Film distributors in Pakistan say the ban on Indian films in Pakistan is affecting business as very few in Pakistan watch Hollywood films.
Post the Pulwama attack, Indian film fraternity decided not to release Indian movies in Pakistan. While the move hardly had any affect on the business of the Indian film industry, the ban is affecting footfall in cinemas halls in Pakistan, reports the Dawn.
“No-showing of Indian films always affects business in Pakistan, and it will remain that way. The reason is that a majority of the audience watches either Pakistani or Indian movies. Those who are into English films are in a minority. Even in the past, it was the Urdu and Punjabi films that used to be watched. The English ones would be run only in select cinema halls,” says Film distributor and exhibitor Nadeem Mandviwalla.
Even during Eid, people in Pakistan did not have lots of options (in films) to entertain themselves with. “The difference when Bollywood movies were shown and now is of about 70 and 30 per cent,” says Asad, who works at the box office (ticket counter) at a local multiplex.
As far as the Indian film industry, the collection from Pakistan forms a very tiny percentage of the worldwide box office collection numbers of Hindi films.
“There are about 150 screens in Pakistan. Like us, they also love Hindi movies. They make very few films. Also, you cannot show Hollywood films round-the-clock. Indian films are a big addiction… It is going to be tough for them as it is a small market for us,” Bollywood trade analyst Taran Adarsh.
“The impact of Indian films not releasing in Pakistan will be massive on exhibition sector there, but it will be minuscule for Indian producers. Lots of consumption of Indian films happens through piracy and the kind of collection that comes out of Pakistan is very less as compared to other territories,” says Mumbai based film exhibitor Akshay Rathi.
“Pakistan contributes around ‘four to six’ per cent to the total collection of Indian films. The losses can be amortized from other avenues like exploiting new media platforms. A blockbuster Indian film hardly grosses four to six per cent of Indian box office in Pakistan and for a regular film, it is even less. This is actually a big loss for them because their industry depends up to 70 per cent on Bollywood and Hollywood content,” Rahul Kadbet, Vice President, Programming at Carnival Cinemas.
About the Pakistani Film Industry
Bollywood films are getting bigger by the day, both in terms of production costs & market share; same goes for our South-Indian movies. But how about the film-industry across the border – in Pakistan?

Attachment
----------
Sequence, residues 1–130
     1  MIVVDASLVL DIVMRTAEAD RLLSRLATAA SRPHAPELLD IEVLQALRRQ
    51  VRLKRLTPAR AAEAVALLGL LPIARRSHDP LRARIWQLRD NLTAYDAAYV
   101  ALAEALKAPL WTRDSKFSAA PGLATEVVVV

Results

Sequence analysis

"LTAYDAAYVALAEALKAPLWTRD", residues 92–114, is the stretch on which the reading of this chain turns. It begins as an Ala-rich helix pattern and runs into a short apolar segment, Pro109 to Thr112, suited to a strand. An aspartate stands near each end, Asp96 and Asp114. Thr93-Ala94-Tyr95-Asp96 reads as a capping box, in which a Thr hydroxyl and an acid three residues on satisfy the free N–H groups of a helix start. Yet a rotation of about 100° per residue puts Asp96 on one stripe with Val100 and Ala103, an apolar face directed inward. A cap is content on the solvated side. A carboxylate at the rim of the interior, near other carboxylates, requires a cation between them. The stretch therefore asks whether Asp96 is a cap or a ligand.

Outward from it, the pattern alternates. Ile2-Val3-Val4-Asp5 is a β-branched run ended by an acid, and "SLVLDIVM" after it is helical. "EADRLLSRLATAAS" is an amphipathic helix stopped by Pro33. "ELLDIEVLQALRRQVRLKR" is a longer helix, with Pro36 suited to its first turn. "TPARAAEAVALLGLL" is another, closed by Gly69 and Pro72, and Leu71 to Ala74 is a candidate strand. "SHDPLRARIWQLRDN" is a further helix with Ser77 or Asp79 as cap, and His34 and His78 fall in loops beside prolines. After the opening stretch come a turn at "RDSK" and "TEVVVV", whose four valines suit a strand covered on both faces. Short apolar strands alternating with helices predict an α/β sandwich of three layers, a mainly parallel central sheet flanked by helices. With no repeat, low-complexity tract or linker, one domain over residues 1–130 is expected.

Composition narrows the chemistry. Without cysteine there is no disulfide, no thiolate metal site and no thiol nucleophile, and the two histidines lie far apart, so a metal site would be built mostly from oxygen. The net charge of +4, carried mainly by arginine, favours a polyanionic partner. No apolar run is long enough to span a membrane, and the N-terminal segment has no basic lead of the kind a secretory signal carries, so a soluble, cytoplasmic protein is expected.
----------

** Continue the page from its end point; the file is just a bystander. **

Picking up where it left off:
Bollywood film Arth to be remade in Pakistan
Mahesh Bhatt’s classic film Arth will be the first Bollywood film to be remade in Pakistan. The Pakistani remake titled ‘Arth 2’ will be a contemporary retelling of the original story and will be set in Lahore. The Pakistani version will star Shaan Shahid, Humaima Malick, Uzma Hassan (Shabana Azmi) and Mohib Mirza.
An insider reports that Mahesh Bhatt gave the story and screenplay rights to Shaan without charging any money.
“When Shaan expressed the desire to revisit Arth, I had no objection. The story has endured the passage of time and is available in public domain. Shaan wanted to use my story and present it as a local, indigenous narrative that suited his country’s palate. I’m not aware of what he has done. Every filmmaker has his own worldview and the freedom to reinterpret a story the way he wishes.”
“Arth is the first film with the DNA of an Indian story to be set in Pakistan. If we want to strengthen film trade between our countries, Arth’s model is a great way of collaborating,” says Shaan.
Here are some posters of Arth, shared by Shaan on Instagram.
Pakistani Film ‘Waar’ breaking New Grounds
We’all know that Bollywood films are quite popular in Pakistan, but even Pakistani cinema has come a long way (in terms of better production quality).
Blockbuster movie ‘Waar’ got great response in the overseas market as well. The theme of the movie is terrorism, the story-line seems familiar, but this time the villain is ‘India’ (another reason probably it did well in Pakistan).
It seems the overall quality of movies in the Indian subcontinent is only going higher, which is definitely a good thing.